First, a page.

An Interview with Bette Hyde
“Some people seem to have the wrong impression of what an educational psychologist does. Often when I tell people what I do for a living, they think I will try to pry into their lives. Educational psychologists don’t read people’s minds and we don’t talk about dreams or boyfriend problems, like some may imagine. Those are silly stereotypes, and they certainly don’t apply to this field.”
Bette Hyde is the Director of Early Learning for the state of Washington. She earned a PhD in Educational Psychology in 1972 and a Master of Arts in Child Development in 1968, both from University of Minnesota. She also holds a Bachelor of Science in Psychology, which she earned 1966.
Bette has worked in many different capacities in her educational career, including school psychologist, college professor and superintendent. Currently, she works with the Office of the Superintendent of Public Instruction to plan early childhood education policies in Washington state.
In your own words, what is an educational psychologist?
An educational psychologist is a person who is professionally trained to look at children as individuals in order to assess their strengths and their needs in areas related to education. Educational psychologists partner with teachers and families to develop clear, accountable plans to help children improve their learning.
If a student said to you, “I am interested in becoming an educational psychologist,” what would your response be?
I think educational psychology is a fantastic field because you learn a way of thinking and a way of problem-solving that works for diverse situations. You can apply diagnostic and analytic skills to children, adults, groups and systems. It is a rewarding and challenging career.
What level of education is necessary to become an educational psychologist?
You can become an educational psychologist with a masters degree, and in fact, I have seen people do very well with that level of education. However, I think you will see many more doors open to you if you have a doctorate. A PhD carries weight and credibility with your peers and with your students.
Are there any licensing or certification requirements to become an educational psychologist?
Yes, there are a number of certification and licensure requirements that educational psychologists need to obtain. The exact requirements vary by state. For example, in the state of Washington, you need a certification in school psychology. I am a licensed clinical psychologist as well, and I take continuing education credits every 3 years to keep my licensure current.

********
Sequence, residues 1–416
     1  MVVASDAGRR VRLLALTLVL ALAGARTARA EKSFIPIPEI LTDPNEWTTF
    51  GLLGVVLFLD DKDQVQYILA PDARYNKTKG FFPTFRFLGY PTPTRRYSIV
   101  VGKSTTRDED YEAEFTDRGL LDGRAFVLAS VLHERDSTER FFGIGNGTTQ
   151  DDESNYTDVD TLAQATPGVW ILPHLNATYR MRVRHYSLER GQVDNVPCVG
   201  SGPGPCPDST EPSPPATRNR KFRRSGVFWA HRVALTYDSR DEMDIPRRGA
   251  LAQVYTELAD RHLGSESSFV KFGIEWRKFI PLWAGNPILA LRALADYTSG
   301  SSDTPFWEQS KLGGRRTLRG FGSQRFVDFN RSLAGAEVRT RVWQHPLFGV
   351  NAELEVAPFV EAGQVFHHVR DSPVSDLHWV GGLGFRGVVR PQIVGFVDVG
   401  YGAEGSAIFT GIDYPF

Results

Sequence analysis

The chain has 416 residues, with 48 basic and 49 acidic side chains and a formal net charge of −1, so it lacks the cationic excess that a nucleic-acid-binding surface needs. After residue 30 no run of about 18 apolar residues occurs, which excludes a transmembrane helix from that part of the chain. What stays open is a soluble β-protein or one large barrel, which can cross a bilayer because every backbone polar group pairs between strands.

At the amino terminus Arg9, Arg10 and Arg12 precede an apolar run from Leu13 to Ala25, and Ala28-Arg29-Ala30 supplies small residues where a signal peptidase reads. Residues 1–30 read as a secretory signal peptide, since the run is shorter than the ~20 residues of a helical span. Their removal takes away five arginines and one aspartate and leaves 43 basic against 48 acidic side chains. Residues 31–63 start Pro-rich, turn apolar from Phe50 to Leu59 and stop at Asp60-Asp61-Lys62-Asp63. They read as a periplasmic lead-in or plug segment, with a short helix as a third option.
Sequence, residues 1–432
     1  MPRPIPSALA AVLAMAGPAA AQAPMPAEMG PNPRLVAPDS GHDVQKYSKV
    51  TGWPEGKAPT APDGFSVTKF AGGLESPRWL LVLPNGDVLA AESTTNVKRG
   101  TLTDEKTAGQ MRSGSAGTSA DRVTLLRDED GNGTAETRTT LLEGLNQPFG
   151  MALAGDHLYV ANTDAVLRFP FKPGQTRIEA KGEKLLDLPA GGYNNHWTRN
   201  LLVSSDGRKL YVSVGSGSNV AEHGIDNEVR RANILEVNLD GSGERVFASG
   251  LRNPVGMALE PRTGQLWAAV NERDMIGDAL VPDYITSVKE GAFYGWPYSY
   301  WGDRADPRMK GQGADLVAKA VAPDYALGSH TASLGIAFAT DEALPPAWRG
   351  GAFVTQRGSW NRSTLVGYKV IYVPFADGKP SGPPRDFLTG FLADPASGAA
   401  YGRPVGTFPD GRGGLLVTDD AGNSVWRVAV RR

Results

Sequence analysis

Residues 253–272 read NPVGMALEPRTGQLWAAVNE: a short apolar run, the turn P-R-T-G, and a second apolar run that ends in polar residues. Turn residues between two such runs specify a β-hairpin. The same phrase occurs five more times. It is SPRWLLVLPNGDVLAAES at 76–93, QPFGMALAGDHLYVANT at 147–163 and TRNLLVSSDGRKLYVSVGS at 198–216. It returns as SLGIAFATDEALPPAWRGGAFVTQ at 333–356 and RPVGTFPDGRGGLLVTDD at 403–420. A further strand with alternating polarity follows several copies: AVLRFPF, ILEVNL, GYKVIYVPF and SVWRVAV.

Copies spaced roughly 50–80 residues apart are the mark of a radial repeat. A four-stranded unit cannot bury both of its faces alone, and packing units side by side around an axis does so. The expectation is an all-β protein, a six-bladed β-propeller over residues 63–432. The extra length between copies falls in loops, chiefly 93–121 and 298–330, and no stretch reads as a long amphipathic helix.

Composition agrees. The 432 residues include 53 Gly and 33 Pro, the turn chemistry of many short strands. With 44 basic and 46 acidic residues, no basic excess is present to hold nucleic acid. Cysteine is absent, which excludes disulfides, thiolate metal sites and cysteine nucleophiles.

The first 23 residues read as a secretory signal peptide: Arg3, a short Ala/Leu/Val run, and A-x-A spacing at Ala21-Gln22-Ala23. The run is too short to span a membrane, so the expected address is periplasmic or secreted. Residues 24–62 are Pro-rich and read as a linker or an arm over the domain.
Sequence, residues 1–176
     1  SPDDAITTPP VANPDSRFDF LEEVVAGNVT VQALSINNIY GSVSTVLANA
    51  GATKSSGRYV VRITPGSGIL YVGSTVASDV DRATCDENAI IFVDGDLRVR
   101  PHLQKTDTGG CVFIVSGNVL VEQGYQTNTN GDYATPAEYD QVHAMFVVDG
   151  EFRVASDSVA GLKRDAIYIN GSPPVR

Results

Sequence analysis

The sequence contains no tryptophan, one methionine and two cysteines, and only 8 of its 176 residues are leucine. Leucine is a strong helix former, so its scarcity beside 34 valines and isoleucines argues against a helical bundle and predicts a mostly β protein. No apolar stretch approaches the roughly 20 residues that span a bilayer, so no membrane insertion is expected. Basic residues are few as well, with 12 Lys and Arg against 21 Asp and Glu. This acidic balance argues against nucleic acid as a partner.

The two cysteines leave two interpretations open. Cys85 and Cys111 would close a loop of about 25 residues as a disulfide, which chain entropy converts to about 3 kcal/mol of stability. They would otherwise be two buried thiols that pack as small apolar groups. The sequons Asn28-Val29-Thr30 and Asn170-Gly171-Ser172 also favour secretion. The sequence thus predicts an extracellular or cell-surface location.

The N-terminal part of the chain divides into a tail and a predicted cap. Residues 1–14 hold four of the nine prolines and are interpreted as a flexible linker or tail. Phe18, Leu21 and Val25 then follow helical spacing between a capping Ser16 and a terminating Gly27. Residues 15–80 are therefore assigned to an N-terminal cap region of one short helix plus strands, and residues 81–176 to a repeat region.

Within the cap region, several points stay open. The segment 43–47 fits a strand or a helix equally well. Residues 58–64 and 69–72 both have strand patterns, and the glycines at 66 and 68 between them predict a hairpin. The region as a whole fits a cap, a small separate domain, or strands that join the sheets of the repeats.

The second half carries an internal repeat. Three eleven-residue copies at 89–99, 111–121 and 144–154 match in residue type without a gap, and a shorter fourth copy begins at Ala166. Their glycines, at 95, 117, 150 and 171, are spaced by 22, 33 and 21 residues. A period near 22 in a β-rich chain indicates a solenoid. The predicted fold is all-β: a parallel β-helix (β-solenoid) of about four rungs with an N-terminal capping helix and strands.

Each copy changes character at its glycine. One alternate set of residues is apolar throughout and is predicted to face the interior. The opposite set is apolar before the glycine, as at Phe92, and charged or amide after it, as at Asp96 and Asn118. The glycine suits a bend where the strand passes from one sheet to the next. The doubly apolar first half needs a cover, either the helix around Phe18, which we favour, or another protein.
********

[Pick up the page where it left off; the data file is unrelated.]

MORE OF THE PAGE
Why did you decide to become an educational psychologist?
I chose to enter educational psychology because I have always been interested in helping people with their issues and problems. In particular, I like to help people interact in groups. The school environment offers a dynamic cross section of students, including those who exhibit healthy development, have learning needs, deal with behavioral issues and display special gifts and talents. It was my job to help all children develop and learn to their fullest ability.
What were the biggest misconceptions that you had about becoming an educational psychologist?
Some people seem to have the wrong impression of what an educational psychologist does. Often when I tell people what I do for a living, they think I will try to pry into their lives. Educational psychologists don’t read people’s minds and we don’t talk about dreams or boyfriend problems, like some may imagine. Those are silly stereotypes, and they certainly don’t apply to this field.
What did you enjoy most and least about being an educational psychologist?
What I most enjoyed about being an educational psychologist was the interaction with people. I loved testing children, talking to parents and helping teachers in the classroom. It was exhilarating to be an active partner in solving a problem and seeing results. But the aspect of educational psychology that I least enjoyed was all the paperwork. Increasingly, the job is slowed by red tape, timelines and litigation. I found it frustrating to navigate all the procedural issues that surround the job.
What was a typical day like for you?